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Euro pharma 'needs strong science base'

06-Oct-2004

Franz Humer, president of the European Federation of Pharmaceutical Industries and Associations and chief executive of Roche, has issued a plea for a concerted effort at improving Europe's science base at the European Parliament.

Addressing the Kangaroo Group, which promotes the single market, Dr Humer highlighted that the research-based pharmaceutical industry operating in Europe can make a major contribution towards achieving the 'Lisbon' strategy (of turning Europe into the most dynamic and competitive knowledge-based economy) and 'Barcelona' objective (of investing 3 per cent of the European Union's Gross Domestic Product in R&D).

"The pharmaceutical industry alone accounts for 15 per cent of the whole EU business R&D expenditure. It remains one of the most innovative and successful industries in the EU, a key asset to the health and wealth of Europe, " he said.

"However, it faces the challenge of declining competitiveness as compared to the USA, where the environment is more attractive for R&D investment and more supportive of pharmaceutical innovation."

For the EFPIA president, the environment for the European-based drug industry still needs major improvements.

EU citizens should have faster access to new medicines, as there are still delays up to two years before new approved drug become available on some national markets, and developers of innovative medicines should be rewarded, instead of being the prime target of cost-containment policies.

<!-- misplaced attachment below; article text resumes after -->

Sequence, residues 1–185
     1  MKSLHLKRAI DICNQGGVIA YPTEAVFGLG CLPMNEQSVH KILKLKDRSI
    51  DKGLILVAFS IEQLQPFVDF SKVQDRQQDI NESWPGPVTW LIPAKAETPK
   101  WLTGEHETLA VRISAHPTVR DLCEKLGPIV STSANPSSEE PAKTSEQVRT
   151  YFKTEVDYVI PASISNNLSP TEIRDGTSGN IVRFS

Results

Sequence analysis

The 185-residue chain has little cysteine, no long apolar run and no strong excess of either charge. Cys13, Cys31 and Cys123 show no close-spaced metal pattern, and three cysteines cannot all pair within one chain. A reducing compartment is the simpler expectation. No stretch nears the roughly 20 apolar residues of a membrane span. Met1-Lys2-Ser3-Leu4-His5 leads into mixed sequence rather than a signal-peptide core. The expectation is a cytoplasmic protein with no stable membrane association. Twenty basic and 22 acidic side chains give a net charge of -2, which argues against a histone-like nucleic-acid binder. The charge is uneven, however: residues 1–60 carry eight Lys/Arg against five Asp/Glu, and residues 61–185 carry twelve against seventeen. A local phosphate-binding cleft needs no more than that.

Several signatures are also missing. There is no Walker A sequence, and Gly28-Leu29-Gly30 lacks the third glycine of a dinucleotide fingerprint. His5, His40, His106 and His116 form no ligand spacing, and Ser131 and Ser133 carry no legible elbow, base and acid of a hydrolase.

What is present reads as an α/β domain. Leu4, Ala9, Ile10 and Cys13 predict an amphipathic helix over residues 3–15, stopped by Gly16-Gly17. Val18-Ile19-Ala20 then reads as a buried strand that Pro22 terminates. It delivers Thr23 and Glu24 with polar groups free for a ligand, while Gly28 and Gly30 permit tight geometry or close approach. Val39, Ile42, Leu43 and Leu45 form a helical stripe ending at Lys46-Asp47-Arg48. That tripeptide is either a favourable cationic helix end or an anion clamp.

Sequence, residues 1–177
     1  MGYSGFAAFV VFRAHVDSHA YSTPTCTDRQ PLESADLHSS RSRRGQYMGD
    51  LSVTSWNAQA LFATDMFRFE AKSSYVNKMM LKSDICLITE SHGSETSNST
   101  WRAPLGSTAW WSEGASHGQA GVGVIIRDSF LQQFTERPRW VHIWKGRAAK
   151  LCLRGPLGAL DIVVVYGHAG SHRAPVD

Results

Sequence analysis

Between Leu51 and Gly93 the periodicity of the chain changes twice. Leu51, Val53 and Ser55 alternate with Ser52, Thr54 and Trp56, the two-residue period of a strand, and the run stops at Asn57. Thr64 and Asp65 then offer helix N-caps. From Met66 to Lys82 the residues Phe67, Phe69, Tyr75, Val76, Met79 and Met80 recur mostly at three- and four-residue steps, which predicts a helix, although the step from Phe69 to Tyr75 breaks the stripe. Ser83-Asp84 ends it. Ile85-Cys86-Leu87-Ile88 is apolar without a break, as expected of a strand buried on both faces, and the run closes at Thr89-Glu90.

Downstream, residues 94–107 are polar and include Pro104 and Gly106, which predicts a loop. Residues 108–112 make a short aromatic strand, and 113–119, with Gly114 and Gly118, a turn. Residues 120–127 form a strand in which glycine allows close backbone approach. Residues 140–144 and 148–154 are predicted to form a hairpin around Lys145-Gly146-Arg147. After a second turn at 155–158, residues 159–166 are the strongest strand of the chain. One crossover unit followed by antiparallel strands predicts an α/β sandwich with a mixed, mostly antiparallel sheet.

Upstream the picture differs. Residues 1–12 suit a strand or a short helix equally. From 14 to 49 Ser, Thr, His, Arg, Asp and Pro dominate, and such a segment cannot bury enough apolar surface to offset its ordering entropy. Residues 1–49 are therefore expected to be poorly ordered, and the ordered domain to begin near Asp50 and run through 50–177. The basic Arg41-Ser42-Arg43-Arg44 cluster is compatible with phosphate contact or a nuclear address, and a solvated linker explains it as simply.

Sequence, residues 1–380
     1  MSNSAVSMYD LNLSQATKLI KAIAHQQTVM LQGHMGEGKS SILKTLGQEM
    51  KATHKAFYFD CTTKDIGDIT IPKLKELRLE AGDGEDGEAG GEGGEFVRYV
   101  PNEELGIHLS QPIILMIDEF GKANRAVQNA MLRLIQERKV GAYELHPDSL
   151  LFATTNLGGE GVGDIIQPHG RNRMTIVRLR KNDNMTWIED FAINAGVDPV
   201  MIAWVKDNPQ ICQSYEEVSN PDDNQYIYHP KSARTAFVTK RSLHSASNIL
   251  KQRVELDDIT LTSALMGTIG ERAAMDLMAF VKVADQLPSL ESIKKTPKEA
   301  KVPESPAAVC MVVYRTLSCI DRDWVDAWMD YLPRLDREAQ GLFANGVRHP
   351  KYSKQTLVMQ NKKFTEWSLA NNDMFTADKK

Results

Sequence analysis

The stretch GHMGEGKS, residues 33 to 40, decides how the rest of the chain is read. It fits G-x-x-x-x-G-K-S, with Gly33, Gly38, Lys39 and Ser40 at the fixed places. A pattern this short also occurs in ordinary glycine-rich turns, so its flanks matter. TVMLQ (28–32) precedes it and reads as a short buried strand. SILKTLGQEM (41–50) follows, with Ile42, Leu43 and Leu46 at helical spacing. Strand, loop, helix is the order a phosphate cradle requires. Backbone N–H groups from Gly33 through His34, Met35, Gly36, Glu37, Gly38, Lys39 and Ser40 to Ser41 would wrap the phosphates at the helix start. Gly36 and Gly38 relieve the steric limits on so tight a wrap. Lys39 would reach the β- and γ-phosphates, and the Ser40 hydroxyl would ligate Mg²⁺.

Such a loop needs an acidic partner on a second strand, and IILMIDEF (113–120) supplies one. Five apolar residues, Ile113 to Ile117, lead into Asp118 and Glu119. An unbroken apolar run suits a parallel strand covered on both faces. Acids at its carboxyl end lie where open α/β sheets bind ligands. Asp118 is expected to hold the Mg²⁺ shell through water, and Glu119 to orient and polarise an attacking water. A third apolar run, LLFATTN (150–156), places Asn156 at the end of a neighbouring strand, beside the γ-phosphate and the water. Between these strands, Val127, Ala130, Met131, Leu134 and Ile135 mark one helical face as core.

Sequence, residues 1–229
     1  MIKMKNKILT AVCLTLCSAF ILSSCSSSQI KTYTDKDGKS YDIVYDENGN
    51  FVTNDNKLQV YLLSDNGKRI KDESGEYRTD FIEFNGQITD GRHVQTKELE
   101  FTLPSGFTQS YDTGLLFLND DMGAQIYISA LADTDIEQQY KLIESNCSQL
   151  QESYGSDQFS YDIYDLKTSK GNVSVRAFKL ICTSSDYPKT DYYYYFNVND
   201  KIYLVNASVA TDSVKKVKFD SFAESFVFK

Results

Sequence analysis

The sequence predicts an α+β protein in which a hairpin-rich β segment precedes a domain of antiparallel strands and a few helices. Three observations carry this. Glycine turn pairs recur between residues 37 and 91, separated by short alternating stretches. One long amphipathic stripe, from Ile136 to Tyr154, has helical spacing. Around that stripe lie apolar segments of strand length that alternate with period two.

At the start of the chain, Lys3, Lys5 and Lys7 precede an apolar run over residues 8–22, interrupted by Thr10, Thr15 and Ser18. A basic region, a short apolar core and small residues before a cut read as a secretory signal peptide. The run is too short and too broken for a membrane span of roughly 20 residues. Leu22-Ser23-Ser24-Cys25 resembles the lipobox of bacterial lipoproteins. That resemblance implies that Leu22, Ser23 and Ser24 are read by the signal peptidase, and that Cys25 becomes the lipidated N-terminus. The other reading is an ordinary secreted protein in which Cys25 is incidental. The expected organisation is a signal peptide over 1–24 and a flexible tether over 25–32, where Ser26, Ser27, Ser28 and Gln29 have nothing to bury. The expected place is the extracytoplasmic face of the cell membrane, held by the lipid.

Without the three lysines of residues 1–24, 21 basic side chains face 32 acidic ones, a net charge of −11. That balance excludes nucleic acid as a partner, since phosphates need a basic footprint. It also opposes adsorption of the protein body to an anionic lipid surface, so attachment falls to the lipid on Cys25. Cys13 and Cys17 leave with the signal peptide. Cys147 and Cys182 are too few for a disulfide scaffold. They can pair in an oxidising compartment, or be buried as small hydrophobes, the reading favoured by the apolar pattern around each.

"Innovation in Europe is still perceived as a cost - and not as an opportunity for growth and better health," said Humer.

More price competition, particularly for non-reimbursed medicines, should lead to more competition in the marketplace. In the pharmaceutical sector, Europe does not function as a single market, he said, attacking the parallel trade in medicines which he clamed 'strikes at industry's ability to fund new research and does not provide benefits for patients or social security systems'.

Against this background, Dr Humer welcomed the promising start of the new Barroso Commission, recognising the central importance of economic competitiveness for Europe.

In November, 19 of the European Commission's 25 members will be replaced with new faces. The new Commission is predicted to be much more attuned to the needs of the pharmaceutical and chemical industries.

Under the leadership of Jose Manuel Barroso, the Commission is expected to focus on reform and the implementation of the Lisbon agenda, but while many of the new commissioners are pro-business, they do come from varying political parties, which could have an impact on the effectiveness of the group, and national differences will also remain an issue.

One issue affecting the pharmachem industry that is expected to receive the attention of the commissioners is the Registration, Evaluation and Authorization of CHemicals (REACH) legislation, which sets out new testing requirements for chemicals.

"Our research-based pharmaceutical industry represents a strategic sector for achieving the Lisbon agenda. If we want pharmaceutical research to continue in Europe, Europe must strengthen its science base. We must reverse current negative trends, reinvigorate our competitiveness, fight the 'brain drain' and stay in the innovation race, " Dr Humer concluded.

In a final appeal to his audience, Dr Humer said that the Europe should 'just implement Lisbon'.

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